TOKYO (Reuters) – The dollar climbed against major peers on Monday, reaching a four-month high versus the euro, as traders positioned for an earlier tapering of Federal Reserve stimulus.
The greenback strengthened as far as $1.1742 to the single currency, extending a 0.6% pop from Friday, when a strong U.S. jobs report stoked bets that a reduction in asset purchases could start this year and higher interest rates could follow as soon as 2022.
The dollar index, which tracks the U.S. currency against six rivals, rose to a two-week top 92.915.
The dollar also hit an almost two-week high of 110.37 yen.
“U.S. payrolls were a game-changer,” Chris Weston, head of research at brokerage Pepperstone in Melbourne, wrote in a client note.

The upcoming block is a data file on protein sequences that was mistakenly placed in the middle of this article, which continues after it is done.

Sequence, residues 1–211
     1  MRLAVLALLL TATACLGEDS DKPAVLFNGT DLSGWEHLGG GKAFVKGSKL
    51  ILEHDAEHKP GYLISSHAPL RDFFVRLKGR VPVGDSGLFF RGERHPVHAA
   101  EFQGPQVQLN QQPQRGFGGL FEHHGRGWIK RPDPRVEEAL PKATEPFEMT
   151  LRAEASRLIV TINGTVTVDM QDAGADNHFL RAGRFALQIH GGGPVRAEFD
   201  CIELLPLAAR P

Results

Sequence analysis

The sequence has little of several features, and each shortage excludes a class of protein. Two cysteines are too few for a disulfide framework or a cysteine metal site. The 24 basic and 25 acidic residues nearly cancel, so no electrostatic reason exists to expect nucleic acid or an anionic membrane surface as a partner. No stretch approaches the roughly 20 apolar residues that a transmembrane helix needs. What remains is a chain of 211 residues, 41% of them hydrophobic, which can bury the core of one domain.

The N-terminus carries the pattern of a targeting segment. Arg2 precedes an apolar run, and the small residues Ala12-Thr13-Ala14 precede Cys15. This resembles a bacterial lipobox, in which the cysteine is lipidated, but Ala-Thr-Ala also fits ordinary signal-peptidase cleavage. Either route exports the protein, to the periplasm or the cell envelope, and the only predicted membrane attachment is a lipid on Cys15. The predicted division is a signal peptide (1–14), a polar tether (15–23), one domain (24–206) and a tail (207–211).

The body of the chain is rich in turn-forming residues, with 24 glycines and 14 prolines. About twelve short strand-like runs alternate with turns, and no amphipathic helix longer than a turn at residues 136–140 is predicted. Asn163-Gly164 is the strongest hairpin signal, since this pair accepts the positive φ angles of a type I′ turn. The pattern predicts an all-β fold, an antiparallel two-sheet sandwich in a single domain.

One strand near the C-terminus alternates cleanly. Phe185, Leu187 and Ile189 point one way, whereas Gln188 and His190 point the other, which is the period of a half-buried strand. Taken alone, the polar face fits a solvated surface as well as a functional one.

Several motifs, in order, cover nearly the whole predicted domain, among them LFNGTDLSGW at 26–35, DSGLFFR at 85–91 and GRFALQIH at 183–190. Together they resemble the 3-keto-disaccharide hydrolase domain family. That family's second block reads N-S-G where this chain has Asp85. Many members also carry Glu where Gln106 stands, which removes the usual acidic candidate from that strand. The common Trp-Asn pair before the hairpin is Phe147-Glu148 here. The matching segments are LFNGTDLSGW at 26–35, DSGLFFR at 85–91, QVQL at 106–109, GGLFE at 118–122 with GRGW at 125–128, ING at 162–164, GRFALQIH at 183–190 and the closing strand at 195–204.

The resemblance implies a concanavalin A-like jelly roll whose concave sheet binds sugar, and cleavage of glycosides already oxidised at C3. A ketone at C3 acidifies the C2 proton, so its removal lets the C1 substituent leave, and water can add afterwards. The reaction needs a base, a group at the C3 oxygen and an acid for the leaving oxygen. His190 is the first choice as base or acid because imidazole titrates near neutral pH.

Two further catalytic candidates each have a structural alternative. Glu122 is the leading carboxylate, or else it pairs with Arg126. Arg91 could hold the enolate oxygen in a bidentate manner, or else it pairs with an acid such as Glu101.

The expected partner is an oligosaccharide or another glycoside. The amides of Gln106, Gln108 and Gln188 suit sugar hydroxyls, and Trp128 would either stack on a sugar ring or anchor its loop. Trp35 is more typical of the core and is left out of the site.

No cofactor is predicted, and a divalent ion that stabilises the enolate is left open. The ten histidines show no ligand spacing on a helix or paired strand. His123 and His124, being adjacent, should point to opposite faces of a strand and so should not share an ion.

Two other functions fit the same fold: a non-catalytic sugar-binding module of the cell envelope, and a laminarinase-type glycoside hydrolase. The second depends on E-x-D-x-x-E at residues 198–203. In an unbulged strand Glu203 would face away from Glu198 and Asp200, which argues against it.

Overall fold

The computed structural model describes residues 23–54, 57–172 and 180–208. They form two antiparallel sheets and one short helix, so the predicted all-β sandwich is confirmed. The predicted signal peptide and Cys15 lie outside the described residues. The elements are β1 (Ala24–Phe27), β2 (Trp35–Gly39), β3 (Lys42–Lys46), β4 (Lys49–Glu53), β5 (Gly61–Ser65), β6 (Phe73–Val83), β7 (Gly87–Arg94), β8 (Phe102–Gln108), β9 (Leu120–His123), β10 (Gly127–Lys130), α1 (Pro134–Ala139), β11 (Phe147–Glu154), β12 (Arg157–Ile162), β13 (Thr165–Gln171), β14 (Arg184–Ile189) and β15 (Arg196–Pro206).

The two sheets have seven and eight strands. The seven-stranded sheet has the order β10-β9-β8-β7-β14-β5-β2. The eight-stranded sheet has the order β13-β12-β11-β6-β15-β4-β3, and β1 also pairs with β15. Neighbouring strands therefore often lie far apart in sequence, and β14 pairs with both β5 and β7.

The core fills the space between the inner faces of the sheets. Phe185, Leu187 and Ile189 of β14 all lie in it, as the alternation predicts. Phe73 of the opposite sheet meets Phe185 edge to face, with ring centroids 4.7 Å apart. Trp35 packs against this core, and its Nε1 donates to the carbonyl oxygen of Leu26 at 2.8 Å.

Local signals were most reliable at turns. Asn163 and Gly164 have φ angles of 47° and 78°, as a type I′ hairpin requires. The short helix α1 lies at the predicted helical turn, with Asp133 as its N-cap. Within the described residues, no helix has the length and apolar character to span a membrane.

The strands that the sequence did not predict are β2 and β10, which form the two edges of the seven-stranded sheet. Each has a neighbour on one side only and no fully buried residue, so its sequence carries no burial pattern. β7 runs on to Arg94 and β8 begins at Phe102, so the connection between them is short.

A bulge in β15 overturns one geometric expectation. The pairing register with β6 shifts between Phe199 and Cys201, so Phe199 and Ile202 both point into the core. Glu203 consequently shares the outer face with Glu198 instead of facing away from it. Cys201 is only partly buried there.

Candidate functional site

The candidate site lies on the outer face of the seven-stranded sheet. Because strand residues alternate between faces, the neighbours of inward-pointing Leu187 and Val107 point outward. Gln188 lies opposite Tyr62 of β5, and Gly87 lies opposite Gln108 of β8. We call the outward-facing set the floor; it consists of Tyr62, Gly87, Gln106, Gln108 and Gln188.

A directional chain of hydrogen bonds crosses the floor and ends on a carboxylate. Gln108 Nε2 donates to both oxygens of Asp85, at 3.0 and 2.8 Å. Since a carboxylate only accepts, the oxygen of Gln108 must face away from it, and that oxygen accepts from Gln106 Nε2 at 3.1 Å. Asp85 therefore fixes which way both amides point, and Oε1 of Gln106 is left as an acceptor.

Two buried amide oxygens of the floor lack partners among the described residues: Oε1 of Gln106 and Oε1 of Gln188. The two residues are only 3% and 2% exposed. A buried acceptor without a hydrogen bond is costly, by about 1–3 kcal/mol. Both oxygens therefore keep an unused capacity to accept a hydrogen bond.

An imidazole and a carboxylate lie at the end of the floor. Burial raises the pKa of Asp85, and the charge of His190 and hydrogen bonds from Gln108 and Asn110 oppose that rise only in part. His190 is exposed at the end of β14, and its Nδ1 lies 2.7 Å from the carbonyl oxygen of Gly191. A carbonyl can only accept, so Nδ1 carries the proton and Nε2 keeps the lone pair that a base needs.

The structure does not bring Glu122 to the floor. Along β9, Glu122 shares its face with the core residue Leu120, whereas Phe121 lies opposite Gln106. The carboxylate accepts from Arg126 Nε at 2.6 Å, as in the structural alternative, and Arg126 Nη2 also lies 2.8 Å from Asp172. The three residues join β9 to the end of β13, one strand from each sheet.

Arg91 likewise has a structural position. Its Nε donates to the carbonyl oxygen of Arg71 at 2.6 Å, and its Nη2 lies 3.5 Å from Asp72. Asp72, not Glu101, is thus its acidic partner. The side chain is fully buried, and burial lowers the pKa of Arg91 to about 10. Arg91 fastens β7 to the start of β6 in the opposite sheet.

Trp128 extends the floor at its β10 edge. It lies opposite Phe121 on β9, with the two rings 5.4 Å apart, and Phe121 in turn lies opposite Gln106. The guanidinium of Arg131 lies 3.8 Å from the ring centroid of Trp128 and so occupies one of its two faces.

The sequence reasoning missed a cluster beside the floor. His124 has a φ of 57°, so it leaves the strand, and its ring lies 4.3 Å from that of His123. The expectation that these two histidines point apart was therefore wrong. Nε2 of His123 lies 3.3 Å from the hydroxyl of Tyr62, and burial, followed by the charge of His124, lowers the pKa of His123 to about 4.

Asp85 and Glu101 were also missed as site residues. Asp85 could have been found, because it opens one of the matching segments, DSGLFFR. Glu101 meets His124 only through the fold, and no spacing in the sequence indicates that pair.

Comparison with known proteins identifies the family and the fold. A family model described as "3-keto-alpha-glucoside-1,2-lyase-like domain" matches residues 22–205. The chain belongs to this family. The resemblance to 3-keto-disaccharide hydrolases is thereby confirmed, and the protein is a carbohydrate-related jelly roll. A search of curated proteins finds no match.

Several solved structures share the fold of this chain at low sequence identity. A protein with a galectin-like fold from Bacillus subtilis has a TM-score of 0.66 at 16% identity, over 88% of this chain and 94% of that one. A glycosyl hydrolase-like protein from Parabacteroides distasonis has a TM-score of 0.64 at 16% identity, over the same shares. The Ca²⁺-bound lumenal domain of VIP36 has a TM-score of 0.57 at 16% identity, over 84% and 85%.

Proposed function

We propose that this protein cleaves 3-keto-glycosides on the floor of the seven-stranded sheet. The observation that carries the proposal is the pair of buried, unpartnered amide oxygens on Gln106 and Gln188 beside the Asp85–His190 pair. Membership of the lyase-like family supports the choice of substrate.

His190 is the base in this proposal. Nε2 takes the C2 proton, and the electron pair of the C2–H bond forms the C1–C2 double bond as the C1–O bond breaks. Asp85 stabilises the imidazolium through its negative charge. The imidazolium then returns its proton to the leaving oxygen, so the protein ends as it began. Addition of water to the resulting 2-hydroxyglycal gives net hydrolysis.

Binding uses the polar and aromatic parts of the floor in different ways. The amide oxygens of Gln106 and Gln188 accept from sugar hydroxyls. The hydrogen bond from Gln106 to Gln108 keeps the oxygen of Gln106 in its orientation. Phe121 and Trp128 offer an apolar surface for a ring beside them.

The dollar index is eyeing a close above 93, while the currency could head for $1.1704 per euro, Weston wrote, adding that it could climb further versus the yen too should U.S. yields continue to tick higher.
The benchmark 10-year Treasury yield jumped 8 basis points on Friday to a two-week high of 1.3053%. There was no trading in Tokyo on Monday with Japan shut for a national holiday. Singapore markets were also closed.
Friday’s non-farm payroll report showed jobs increased by 943,000 in July compared with the 870,000 forecast by economists in a Reuters poll. Numbers for May and June were also revised up.
The Fed has made the labor market recovery a condition of tighter monetary policy, and most officials back the view that a jump in inflation will prove transitory, though there is debate over how prolonged it could be.
Traders will be keenly watching a U.S. consumer price report on Wednesday.
Last week, Fed Vice Chair Richard Clarida suggested that conditions for hiking interest rates might be met as soon as late 2022.
The dollar rallied against its Australian and New Zealand counterparts on Monday, jumping 0.3% to as high as $0.7330 per Aussie and up 0.4% to $0.6980 per kiwi.
Source: Read Full Article